According to VCA Animal Hospitals, the average female dog goes into estrus twice a year, which means she can have two litters of puppies a year. However, just because a dog is in estrus does not always translate to pregnancy. A number of factors influence whether a dog becomes pregnant during her heat cycle.
Age tends to play a role in a dog's estrus cycle. Many dogs do not experience regular estrus cycles for the first couple of years upon reaching sexual maturity. For example, it is normal for a young dog to only have one heat cycle a year.
Not all dog breeds have regular heat cycles. Smaller dog breeds can have a heat cycle three times a year, and certain larger breeds may have a heat cycle only once a year. A dog cannot get pregnant between heat cycles. However, a dog can become pregnant during a "silent" heat. Silent heats are simply heat cycles that go undetected.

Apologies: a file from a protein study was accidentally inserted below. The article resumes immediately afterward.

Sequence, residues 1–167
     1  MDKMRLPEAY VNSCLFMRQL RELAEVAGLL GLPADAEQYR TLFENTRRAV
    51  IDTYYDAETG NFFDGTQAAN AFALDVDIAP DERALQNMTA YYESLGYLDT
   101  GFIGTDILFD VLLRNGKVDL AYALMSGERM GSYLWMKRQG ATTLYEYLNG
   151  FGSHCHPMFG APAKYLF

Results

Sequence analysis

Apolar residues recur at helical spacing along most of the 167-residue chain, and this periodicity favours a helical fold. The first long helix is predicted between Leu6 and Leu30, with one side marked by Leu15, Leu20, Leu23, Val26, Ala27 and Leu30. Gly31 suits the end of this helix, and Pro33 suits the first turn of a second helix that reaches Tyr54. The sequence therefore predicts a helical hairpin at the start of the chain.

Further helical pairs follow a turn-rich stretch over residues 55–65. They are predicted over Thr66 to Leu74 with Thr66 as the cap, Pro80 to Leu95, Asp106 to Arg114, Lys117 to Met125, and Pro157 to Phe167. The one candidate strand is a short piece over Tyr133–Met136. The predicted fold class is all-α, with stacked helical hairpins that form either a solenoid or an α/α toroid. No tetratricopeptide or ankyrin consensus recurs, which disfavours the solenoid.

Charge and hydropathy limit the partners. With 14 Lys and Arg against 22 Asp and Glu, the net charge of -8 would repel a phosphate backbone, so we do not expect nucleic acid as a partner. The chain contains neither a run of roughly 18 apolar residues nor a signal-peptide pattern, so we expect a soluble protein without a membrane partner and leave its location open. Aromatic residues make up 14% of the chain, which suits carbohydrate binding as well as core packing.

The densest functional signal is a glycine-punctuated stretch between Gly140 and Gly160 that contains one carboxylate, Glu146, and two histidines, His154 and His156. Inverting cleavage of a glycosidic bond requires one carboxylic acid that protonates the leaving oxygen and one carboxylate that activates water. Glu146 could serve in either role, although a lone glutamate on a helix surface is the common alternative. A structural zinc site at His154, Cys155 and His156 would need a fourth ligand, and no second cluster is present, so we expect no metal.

Typically, it is not recommended for a dog to have more than one litter a year. Having too many litters a year can be detrimental to the mother's health. Before breeding a dog, it is advisable to ensure that the dog is in optimum health.
Veterinary Partner recommends waiting until a female dog is at least 2 years old before breeding. Breeding a dog before she reaches 2 years of age can lead to complication for the both the mother and puppies.